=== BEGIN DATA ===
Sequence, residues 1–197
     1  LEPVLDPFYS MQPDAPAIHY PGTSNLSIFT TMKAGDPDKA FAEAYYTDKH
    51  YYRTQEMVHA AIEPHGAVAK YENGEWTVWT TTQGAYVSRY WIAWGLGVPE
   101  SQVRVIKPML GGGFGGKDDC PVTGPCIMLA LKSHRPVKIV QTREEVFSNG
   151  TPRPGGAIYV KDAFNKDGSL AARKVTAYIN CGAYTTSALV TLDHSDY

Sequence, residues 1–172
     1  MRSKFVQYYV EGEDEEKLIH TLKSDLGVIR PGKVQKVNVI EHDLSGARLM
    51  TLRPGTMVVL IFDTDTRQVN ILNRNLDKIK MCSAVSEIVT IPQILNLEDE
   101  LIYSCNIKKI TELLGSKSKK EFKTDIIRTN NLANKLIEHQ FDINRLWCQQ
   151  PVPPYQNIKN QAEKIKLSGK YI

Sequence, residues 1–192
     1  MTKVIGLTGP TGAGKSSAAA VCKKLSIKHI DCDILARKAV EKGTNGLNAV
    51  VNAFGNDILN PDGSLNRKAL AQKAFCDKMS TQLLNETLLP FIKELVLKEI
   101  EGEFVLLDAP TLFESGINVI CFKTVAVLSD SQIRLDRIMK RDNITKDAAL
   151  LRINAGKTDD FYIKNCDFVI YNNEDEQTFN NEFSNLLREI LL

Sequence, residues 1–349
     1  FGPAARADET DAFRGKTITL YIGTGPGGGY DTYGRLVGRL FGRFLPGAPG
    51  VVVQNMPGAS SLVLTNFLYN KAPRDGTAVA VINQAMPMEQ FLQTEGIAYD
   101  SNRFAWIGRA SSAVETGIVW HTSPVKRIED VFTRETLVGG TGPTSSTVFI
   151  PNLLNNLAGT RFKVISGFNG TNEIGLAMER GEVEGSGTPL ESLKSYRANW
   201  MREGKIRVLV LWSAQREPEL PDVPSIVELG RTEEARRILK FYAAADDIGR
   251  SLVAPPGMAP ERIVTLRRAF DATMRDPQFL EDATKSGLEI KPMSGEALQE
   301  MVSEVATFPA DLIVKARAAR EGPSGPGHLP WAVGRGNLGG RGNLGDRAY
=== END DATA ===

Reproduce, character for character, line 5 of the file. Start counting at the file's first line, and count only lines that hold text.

   151  TPRPGGAIYV KDAFNKDGSL AARKVTAYIN CGAYTTSALV TLDHSDY